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· 2 min read
Gordon Bazeley

Returns are an all round nightmare ...


  • For the planet - since returned products have two delivery legs plus extra packaging
  • For your profits - because reverse logistics (i.e. the process of receiving a product then quality checking and preparing it for resale) often costs somewhere between three to six times as much as sending a product to a customer
  • For your customers - as they need to take time to repackage products to be returned and drop them off

The best way of reducing returns is to avoid dispatching the wrong products in the first place. Doing so will drastically reduce your return rate which will increase your profitability and reduce your environmental impact.

For that reason, you should provide the customer with more information before they make a purchase to make it more likely that they will choose the right product for them (for example the right colour, size, style or fit).

This might take the form of more relevant reviews posted by customers who are similar to the current customer, or perhaps it might take the form of educating the customer about the environmental impact of return. Many merchants are also experimenting with removing free returns to help the customer to consider the impact of returns and to reduce wardrobing.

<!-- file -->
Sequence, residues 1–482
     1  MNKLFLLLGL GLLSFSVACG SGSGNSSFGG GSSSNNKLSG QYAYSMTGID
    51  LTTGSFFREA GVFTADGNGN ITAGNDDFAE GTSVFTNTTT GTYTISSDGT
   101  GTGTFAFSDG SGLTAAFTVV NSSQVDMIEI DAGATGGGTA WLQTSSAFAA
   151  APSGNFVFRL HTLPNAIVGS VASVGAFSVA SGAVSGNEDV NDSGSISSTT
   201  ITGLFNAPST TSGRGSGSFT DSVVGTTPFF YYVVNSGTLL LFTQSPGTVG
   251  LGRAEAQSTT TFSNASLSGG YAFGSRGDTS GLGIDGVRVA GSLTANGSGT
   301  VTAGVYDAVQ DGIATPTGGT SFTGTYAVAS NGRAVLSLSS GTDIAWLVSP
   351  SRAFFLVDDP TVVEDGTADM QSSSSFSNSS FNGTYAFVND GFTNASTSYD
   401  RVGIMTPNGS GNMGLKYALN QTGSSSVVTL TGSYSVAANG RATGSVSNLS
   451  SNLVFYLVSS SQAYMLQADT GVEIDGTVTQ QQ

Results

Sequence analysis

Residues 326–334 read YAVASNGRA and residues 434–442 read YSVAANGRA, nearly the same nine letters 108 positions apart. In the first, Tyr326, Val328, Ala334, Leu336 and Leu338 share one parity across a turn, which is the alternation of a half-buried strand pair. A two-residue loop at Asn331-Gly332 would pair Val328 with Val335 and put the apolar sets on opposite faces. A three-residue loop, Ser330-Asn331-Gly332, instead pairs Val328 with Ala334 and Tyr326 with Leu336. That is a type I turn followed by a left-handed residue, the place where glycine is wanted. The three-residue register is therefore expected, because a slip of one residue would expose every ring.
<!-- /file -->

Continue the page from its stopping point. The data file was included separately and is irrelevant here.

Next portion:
Finally, merchants are starting to use emerging technology such as detailed 3D models and accurate customer sizing to ensure that the product will fit the customer perfectly. You may even want to consider custom building products to the customer’s exact size.

· 2 min read
Gordon Bazeley
Speed and Scale


John Doerr is a partner at Kleiner Perkins and has been making climate related investments since 2006, way ahead of the curve. He outlines a very detailed plan for getting to net zero using OKRs (Objectives & Key Results), a technique popularised by Google and widely used in the tech space.

In many respects it's similar to billg’s book but it's a lot more prescriptive and probably benefits from Bill’s book being published first. There are interviews with a lot of climate luminaries - the book was written in the run up to COP26 and so there are lots of positive looking statements which unfortunately weren’t backed up by commitments from all countries in Glasgow.

The book contains Lots of great investing war stories and interviews with entrepreneurs & policy makers. My favourite of these was the time that he passed on investing in Tesla and backed Fisker (who? Exactly).

In summary, this is the best of the "climate plan" books that I've seen. Ultimately it relies upon substantial public policy changes which have been slow in coming.

A few things I learned

  • The current global energy mix includes ...
    • 16% hydro
    • 6% wind
    • 4% solar
  • ... the hydro figure is a lot higher than I'd expected
  • If the worlds 1 billion cows were a country they’d rank third in greenhouse gas emissions (after US & China) - primarily down to their methane emissions.
  • A two thirds vegan diet, including one serving of meat a day, reduces livestock emissions by 60%.
  • Beyond Meat are aiming for price parity with beef burgers by 2024.